Higher physical activity associated with reduced risk of breast cancer
Women with higher levels of physical activity may have a reduced risk of breast cancer after menopause, according to a report in the December 11/25 issue of Archives of Internal Medicine, one of the JAMA/Archives journals. The association appears to be stronger for estrogen receptor positive/progesterone receptor negative tumors (which are typically more aggressive) than for other types of breast cancer tumors.
Breast cancer appears to be biologically heterogeneous, meaning that not all cases have the same causes or disease processes, according to background information in the article. One way cancers differ is by hormone receptor status. Tumors are classified as estrogen- and progesterone-receptor (ER/PR) positive or negative based on whether these hormones bind to the surface of the tumor. "Recent studies have found that various well-established risk factors for breast cancer vary by the ER/PR profile of the tumor, including age, menopausal status, parity, age at menarche, age at first pregnancy, hormonal use, family history, body mass index (BMI), waist-hip ratio, alcohol consumption, dietary fat intake and folate level," the authors write.
Aditya Bardia, M.D., M.P.H., of the Mayo Clinic College of Medicine, Rochester, Minn., and colleagues reported findings from the Iowa Women’s Health Study, which includes 41,836 postmenopausal women who were age 55 to 69 in 1986. The women filled out a 16-page questionnaire at the beginning of the study that included information about how often and with what intensity they participated in physical activity during "free time." High physical activity (9,111 women) was defined as vigorous activity (such as jogging, swimming or racket sports) two or more times per week or moderate activity (such as bowling, golf, gardening or walking) more than four times per week; medium physical activity (10,030 women) was defined as participation in vigorous activity once per week or moderate activity one to four times per week; and low physical activity included the rest of the women (17,222). Follow-up questionnaires were completed in 1987, 1989, 1992, 1997 and 2002. Information about breast cancer cases, including ER/PR status, was identified through the Iowa Cancer Registry.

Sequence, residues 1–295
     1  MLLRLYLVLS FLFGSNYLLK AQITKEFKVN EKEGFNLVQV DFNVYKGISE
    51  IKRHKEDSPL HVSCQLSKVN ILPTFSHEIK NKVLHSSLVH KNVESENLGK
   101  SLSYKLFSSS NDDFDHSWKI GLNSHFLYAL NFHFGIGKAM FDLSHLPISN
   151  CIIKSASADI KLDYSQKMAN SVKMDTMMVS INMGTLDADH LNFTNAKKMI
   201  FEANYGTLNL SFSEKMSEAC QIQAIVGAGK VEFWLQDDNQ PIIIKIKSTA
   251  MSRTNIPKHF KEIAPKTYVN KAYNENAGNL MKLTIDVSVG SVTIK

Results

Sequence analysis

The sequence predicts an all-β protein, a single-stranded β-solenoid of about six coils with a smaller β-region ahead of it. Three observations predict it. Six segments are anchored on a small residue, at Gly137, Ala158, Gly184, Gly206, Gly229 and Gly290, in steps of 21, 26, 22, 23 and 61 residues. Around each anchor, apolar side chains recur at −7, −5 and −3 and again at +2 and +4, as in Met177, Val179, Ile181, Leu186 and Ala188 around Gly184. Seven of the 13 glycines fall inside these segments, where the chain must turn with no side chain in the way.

Through 2003, 2,548 cases of breast cancer were observed in the 36,363 women who were included in this analysis. Women with high physical activity levels based on the original survey had a 14 percent lower risk of developing breast cancer than those with low physical activity levels. After the researchers adjusted for body mass index (BMI), those with high physical activity levels had a 9 percent lower risk of breast cancer, suggesting that some but not all of the association was due to the effect of exercise on body weight. The inverse association between high physical activity levels and lower risk of breast cancer was strongest for women with ER+/PR- tumors; after adjusting for BMI, women with high physical activity levels had a 34 percent lower risk of developing this type of cancer.
Physical activity reduces body fat, the major source of estrogen in postmenopausal women, the authors write. "Lowering estrogen levels could lead to a decreased ER+/PR+ tumors, the opposite of which is seen in obesity, in which increased circulating estrogens are associated with increased ER+/PR+ tumors. Consistent with this mechanism, the association of physical activity with ER+/PR+ tumors attenuated after adjustment for BMI." Because adjusting for BMI did not change the risk of ER+/PR- tumors, it is possible that a different mechanism—such as certain growth factors that become more prevalent with exercise—may be involved in the association between physical activity and these tumors.
"Further studies are needed to confirm these novel findings, and to evaluate similar relationships among premenopausal women," the authors conclude. "If found to be causally related to breast cancer, physical activity would have a substantial public health effect on the prevention of this disease, along with its other positive health benefits."
(Arch Intern Med. 2006;166:2478-2483. Available pre-embargo to the media at www.jamamedia.org.)
Editor’s Note: This study was supported in part by a grant from the National Cancer Institute. Please see the article for additional information, including other authors, author contributions and affiliations, financial disclosures, funding and support, etc.
For more information, contact JAMA/Archives Media Relations at 312/464-JAMA (5262) or e-mail [email protected].
Last reviewed: By John M. Grohol, Psy.D. on 30 Apr 2016
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